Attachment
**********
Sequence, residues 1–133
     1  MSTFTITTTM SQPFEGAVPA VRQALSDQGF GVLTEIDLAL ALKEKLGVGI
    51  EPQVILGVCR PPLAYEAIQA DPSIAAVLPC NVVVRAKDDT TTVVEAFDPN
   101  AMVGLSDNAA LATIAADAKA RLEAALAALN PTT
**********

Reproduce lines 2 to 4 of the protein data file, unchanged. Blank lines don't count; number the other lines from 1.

     1  MSTFTITTTM SQPFEGAVPA VRQALSDQGF GVLTEIDLAL ALKEKLGVGI
    51  EPQVILGVCR PPLAYEAIQA DPSIAAVLPC NVVVRAKDDT TTVVEAFDPN
   101  AMVGLSDNAA LATIAADAKA RLEAALAALN PTT